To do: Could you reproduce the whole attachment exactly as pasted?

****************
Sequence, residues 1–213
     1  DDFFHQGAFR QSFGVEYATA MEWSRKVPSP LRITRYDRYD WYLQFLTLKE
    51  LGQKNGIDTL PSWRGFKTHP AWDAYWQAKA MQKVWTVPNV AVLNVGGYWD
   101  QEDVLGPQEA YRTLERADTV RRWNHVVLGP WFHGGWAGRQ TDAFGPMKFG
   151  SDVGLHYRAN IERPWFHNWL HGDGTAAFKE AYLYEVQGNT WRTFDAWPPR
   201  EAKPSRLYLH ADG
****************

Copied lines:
Sequence, residues 1–213
     1  DDFFHQGAFR QSFGVEYATA MEWSRKVPSP LRITRYDRYD WYLQFLTLKE
    51  LGQKNGIDTL PSWRGFKTHP AWDAYWQAKA MQKVWTVPNV AVLNVGGYWD
   101  QEDVLGPQEA YRTLERADTV RRWNHVVLGP WFHGGWAGRQ TDAFGPMKFG
   151  SDVGLHYRAN IERPWFHNWL HGDGTAAFKE AYLYEVQGNT WRTFDAWPPR
   201  EAKPSRLYLH ADG